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Congressional Quarterly reports that Attorney General Eric Holder reads the news but feels no obligation to act on what he has learned:
The clamor for a Justice Department probe into allegations of detainee torture has intensified this week after the New York Review of Books published excerpts of a 2007 report by the International Committee of the Red Cross that contained interviews with detainees who claimed they had been tortured.
“We will let the law and the facts take us to wherever we go,” Holder said. But he added that the administration does not want to criminalize policy differences. Holder said the department is “mindful” of recent news accounts. But when asked whether there was a formal Justice Department investigation, Holder said, “I wouldn’t say that.”
Upon being satisfied, after an examination of information available to it, that the circumstances so warrant, any State Party in whose territory a person alleged to have committed an [act of torture] shall take him into custody or take other legal measures to ensure his presence. The custody and other legal measures shall be as provided in the law of that State but may be continued only for such time as is necessary to enable any criminal or extradition proceedings to be instituted.
The offenses described by the Convention are criminalized under United States law by the Anti-Torture Statute, 18 U.S.C. sec. 2340 and sec. 2340A, which further criminalizes a joint criminal enterprise to violate the prohibition on torture, as obviously occurred.
More from Scott Horton:
Six Questions — October 18, 2014, 8:00 pm
Nathaniel Raymond on CIA interrogation techniques.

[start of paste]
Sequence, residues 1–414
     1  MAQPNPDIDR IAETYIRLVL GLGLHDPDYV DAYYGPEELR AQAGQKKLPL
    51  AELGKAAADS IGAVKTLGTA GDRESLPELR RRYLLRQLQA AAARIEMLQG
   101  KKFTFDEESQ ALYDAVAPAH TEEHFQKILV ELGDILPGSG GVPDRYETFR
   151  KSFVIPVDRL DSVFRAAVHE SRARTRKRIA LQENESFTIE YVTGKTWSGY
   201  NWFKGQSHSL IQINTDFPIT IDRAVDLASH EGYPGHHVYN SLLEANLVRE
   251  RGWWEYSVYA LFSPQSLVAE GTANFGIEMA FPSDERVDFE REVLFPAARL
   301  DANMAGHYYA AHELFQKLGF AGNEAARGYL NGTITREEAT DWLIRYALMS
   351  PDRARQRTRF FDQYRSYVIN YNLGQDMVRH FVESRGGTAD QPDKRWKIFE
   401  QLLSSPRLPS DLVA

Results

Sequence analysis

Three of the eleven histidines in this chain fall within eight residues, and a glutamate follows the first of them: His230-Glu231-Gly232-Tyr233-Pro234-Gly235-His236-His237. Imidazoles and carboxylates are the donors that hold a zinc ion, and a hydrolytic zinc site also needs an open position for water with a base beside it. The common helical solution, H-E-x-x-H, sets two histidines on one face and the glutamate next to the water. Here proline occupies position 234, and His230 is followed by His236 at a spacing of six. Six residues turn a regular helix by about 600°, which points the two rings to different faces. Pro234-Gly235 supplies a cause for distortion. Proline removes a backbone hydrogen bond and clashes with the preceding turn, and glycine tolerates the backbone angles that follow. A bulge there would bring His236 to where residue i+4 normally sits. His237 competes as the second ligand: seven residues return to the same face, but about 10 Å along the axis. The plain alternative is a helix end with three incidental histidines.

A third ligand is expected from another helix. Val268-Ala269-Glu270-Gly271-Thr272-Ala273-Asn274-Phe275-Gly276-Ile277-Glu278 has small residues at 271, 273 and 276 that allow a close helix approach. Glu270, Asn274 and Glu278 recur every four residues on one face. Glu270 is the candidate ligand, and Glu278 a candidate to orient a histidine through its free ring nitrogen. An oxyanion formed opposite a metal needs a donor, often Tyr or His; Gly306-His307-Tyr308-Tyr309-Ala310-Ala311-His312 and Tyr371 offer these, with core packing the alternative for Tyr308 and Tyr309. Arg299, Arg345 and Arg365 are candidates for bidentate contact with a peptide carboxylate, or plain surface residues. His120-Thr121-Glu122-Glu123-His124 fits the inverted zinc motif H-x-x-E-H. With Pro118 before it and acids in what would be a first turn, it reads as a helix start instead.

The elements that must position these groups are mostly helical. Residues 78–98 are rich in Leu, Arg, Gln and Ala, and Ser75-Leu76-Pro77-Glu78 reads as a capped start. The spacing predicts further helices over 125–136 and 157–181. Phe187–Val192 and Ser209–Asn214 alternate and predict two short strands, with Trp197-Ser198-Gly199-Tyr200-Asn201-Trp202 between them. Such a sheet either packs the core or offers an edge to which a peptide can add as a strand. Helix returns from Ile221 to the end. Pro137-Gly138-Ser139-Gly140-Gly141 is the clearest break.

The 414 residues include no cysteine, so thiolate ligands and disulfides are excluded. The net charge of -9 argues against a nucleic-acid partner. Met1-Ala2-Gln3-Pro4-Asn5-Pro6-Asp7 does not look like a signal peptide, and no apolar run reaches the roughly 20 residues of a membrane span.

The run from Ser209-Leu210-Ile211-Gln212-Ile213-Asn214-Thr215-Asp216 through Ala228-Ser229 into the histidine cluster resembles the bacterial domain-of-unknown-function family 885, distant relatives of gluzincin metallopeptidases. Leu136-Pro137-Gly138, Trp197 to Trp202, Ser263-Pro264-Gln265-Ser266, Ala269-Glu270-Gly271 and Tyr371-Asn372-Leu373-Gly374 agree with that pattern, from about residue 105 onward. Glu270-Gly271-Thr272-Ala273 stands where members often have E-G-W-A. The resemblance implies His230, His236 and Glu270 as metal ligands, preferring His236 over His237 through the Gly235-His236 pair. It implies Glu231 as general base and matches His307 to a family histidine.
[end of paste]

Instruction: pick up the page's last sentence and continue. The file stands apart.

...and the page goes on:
I recently spent a semester teaching writing at an elite liberal-arts college. At strategic points around the campus, in shades of yellow and green, banners displayed the following pair of texts. The first was attributed to the college’s founder, which dates it to the 1920s. The second was extracted from the latest version of the institution’s mission statement:
The paramount obligation of a college is to develop in its students the ability to think clearly and independently, and the ability to live confidently, courageously, and hopefully.
Let us take a moment to compare these texts. The first thing to observe about the older one is that it is a sentence. It expresses an idea by placing concepts in relation to one another within the kind of structure that we call a syntax. It is, moreover, highly wrought: a parallel structure underscored by repetition, five adverbs balanced two against three.
Percentage of Britons who cannot name the city that provides the setting for the musical Chicago:
An Australian entrepreneur was selling oysters raised in tanks laced with Viagra.
A naked man believed to be under the influence of LSD rammed his pickup truck into two police cars.
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“Shelby is waiting for something. He himself does not know what it is. When it comes he will either go back into the world from which he came, or sink out of sight in the morass of alcoholism or despair that has engulfed other vagrants.”